destiny of man is to be the master the French Army and Navy, along 2. Subject to change without
of his environment. with the auxiliary air forces. "The notice.
The advocates of all social change'French record the fact that they His entry into the mayoralty
may be summarily classified under have welcomed every agency and race threw a cockleshel into
two groups, those seeking a func- movement for the peaceful settle- political circles here. It seems
tional change and those proposing ment of disputes betwen nations, that Mr. Lark, capitalistic fa-
a structural change. The advocates and have, in truth, taken advantage ther of young Lark, has similar
of functional change believe that of the provisions of the Covenant of designs on the same public of-
society as at present constituted is the League and of the Locarno fice and will probably receive
fundamentally right, only it needs Treaties to shorten the term of mil- the nomination of the Repub-
some minor corrections here and itary service and in other ways de- lican constituency.
there and that reforms which they creasertheir expenses in prepara- To clarify the situation, cor-
advocate will bring the "good life" tion for apssible war of national mnist-Lark said last night:
within the reach of all. They seem defense. But they feel that, unless "I expect to conduct a fearless
to see the failures and crises in some further and more binding campaign. I shall expose him
economic and political conditions guarantee is given them, there is a for what he is." At this junc-
as the result of no inherent faulty limit beyond which they cannot go ture, Lark looked at press rep-
structure. Of such a group are the with safety. resentatives. They looked at
legislation seekers, they want an What more do they ask? It is set Lark. They tittered knowingly.
eight hour day, workmen's compen- forth in their memorandum to the Lark, in his same original
saton acts, lower or higher tariff League. If there is to be a complete manner which has character-
rates, and perhaps the bolder renunciation of war, with armed ized all his previous efforts, de-
among them seek the enactment of j forces necessary only as a sort of dared: "Any capitalistic system
laws to control public utilities, to police power, there must be interna- which cannot support its work-
provide unemployment Insurance, tional assurances which will war- ers does not deserve to exist."
oh age pensions and abolition of rant even weak and exposed nations ROLLS ONE-TENTH CEN-
child labor, etc., etc. They are sat- in disarming. Nothing less will do TURY CLUB
isfied that within the present or- than a universal treaty carrying the This is to announce that graduate
ganization of wealth ownership are obligation to come instantly to the student readers of Rolls may join
to be found the means of making help of any nation attacked. This our proposed Washtenaw County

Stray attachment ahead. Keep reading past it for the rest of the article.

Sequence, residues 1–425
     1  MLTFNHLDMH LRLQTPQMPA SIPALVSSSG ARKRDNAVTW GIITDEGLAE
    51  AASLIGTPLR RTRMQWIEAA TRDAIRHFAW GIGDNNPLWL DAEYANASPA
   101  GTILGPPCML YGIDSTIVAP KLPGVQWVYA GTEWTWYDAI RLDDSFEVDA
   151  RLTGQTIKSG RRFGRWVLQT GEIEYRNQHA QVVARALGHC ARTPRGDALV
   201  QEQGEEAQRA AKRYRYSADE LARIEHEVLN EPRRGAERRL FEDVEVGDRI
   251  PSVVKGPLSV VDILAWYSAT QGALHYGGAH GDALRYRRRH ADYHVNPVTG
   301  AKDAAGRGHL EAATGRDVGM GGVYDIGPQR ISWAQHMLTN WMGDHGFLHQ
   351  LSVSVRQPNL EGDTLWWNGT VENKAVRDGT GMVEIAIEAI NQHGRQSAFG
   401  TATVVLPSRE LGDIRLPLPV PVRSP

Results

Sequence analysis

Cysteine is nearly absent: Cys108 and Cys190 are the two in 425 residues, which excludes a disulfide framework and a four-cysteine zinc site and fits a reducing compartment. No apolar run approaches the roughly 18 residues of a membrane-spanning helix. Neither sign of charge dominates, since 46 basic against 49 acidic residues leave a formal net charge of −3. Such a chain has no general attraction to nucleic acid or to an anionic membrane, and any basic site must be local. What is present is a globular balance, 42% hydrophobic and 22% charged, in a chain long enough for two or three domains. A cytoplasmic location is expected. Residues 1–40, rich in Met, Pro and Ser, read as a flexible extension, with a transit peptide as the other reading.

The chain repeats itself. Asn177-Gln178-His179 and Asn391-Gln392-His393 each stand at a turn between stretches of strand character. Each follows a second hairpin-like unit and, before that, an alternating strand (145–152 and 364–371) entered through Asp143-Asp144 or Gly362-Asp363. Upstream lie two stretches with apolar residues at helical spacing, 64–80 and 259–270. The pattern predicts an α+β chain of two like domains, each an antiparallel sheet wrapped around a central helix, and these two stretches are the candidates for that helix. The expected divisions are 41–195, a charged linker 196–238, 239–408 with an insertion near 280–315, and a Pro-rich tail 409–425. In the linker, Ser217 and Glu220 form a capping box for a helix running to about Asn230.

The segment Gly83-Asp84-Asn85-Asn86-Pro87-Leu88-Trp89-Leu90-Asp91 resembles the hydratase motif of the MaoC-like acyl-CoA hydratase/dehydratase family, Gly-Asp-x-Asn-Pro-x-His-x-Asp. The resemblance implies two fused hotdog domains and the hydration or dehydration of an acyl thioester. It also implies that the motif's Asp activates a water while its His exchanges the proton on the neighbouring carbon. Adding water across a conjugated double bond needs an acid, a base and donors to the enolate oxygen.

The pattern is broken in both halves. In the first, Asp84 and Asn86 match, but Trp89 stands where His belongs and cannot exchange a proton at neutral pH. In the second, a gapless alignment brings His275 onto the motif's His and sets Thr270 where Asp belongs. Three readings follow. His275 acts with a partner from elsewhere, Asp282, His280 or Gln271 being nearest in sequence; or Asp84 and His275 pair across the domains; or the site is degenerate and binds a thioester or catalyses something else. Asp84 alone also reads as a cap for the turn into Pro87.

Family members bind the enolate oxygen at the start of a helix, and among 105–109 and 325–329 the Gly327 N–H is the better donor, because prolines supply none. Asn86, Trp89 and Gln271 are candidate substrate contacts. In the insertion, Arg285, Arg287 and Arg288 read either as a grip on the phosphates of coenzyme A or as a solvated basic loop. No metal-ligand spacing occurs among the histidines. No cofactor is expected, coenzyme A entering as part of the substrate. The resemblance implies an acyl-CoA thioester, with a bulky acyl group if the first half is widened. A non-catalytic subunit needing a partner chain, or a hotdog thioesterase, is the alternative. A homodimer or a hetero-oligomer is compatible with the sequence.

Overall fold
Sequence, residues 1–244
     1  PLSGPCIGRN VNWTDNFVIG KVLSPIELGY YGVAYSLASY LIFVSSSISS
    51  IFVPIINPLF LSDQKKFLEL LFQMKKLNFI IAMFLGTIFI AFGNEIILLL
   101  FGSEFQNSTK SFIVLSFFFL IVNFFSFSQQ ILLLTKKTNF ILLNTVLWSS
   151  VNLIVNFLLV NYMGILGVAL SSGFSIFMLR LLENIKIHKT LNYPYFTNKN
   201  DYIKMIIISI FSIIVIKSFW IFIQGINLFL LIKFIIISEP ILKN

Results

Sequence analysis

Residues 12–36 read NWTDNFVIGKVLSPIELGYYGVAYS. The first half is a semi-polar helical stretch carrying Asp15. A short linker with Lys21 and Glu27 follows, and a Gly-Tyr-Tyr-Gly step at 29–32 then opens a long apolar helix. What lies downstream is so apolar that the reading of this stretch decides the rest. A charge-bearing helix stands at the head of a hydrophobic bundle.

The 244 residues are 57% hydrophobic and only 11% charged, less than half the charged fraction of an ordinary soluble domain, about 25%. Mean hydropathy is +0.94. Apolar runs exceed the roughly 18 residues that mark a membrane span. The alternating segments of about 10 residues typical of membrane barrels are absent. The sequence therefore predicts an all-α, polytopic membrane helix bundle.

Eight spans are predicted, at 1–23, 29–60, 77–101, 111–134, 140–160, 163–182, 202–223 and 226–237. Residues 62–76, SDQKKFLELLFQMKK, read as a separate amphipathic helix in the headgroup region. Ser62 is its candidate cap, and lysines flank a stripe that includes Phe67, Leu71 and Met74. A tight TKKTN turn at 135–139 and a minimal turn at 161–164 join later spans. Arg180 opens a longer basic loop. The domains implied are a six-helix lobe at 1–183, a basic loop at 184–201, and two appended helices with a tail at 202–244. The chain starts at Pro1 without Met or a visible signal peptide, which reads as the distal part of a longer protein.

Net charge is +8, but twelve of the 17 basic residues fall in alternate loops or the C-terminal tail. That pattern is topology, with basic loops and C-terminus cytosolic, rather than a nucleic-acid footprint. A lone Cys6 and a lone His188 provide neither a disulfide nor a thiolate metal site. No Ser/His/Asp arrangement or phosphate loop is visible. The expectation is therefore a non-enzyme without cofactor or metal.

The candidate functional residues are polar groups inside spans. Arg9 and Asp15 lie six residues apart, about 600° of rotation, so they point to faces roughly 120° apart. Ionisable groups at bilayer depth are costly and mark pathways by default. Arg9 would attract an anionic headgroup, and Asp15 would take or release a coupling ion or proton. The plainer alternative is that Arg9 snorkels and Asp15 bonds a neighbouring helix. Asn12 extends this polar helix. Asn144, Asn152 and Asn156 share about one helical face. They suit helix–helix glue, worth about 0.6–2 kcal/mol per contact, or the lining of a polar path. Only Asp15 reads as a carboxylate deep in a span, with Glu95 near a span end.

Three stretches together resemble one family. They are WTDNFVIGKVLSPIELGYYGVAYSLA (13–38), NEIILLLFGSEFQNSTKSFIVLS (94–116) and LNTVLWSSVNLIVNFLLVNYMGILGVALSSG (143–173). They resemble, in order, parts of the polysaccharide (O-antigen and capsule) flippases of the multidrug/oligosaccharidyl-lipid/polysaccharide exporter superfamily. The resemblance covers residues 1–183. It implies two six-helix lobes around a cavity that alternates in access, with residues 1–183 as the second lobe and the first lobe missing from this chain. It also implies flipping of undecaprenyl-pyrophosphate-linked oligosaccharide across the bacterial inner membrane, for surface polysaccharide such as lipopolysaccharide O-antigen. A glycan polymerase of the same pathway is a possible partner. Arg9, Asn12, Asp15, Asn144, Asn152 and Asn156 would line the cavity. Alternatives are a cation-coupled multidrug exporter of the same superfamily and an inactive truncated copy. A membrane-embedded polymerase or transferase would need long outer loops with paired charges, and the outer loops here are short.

ife liveable. would mean, of course, a sharpen- One-Tenth Century club, simply by
The advocates of structural ing of the Briand-Kellogg treaty re- sending in their names-that is,
hange see no health in present day nouncing war as an instrument of if they are less than 10 years old.1
structure of our economic and po- national policy and putting into it Anyone who isn't a graduate beore
litical makeup. They proclaim that precise and solemn pledges of the the age of 10, what with all these
a system which at best is unplan- kind which the French request. It Midwestern universities running as.
ned for the production of the ma- is an idea which has been stirring they do, ought to be ashamed.j
taia aetrtsl c haerir~i47 rlrnoin mo o in c rairc~t.Nn va 4* * * 1

}

2

UNTIL JULY 28th
for Unpald Daily Subscriptions'

1

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1

FIRST METHODIST
EPISCOPAL CHURCh
Cor. S. State and E. Washington Sts.
I)s Frederick B. Fisher, Minister
10:45 A. M.-Morning Worship.
"WHAT IS YOUR l.FE ~
Bishop William F. Anderson
of Boston.

;
;
+ i 1
, i
E
ii
!{
E

S I. ANDREW'S
EPISCOPAL CHURCH
Division and Catherine Streets
iRv'rvrenR Hpnr' I1 .wic. Rpctc..
Reverend Duncan E. Mann, Assistant
8:00 A. M.-Holy Communion.
10:00 A. M.--Brotherhood of St.
Andrew's Bible class, Harley Kline,
leader.
Ii :00 A. NI.---Summer Kindergarten.
Miss Eunice Campbell, director.
11:00 A. M---Morning prayer and
sermon by the Rev. Henry L<'wis,
"The Church Looks to the Fu-
tu re."
7:00 P. M.--Sunset Service at the
Presbyterian Church House. Speak-
er Dr. Albert Jacobs, "Religion and
Family Law."
iuesaay open house at Harris Hall
from four to six.

II

FIRST
PRESBYTERIAN CHURCH
Huron and Division Sts.
Merle H. Anderson, Minister
Alfred Lee Klaer, University Pastor
10:4? A. M.-vlorning Worship.
Se' muti: "The Story of Esther" by
Alfred Lee Klaer.
5:30 P. M.--Social Hour {at the
Church House.
7:00 P. M.-Union Vesper Service
in the Grove at the Church House,
1432 Washtenaw Avenue. Speaker:
Dr. Albert Charles Jacobs of Co-
lumbia University on "Religion
andJ Frmily Life.'

r'

12:00 N.-Student Bible Class, Wes-'
ley Hall.j
6:00 P. M.-Devotional Meeting,';
Wesley Hall. Speaker: Miss Ethel
McCormick, Social Director, Dean{
of Women's Office.
FIRST ChURCH
CHRIST, SCIENTIST
409 S. Division St.
10:30 A. M.-Regular Morning
ice. Sermon topic: "Truth."
11:45 A. M.-Sunday School follow-
ing the morning service

II

BE
CONSISTENT
IN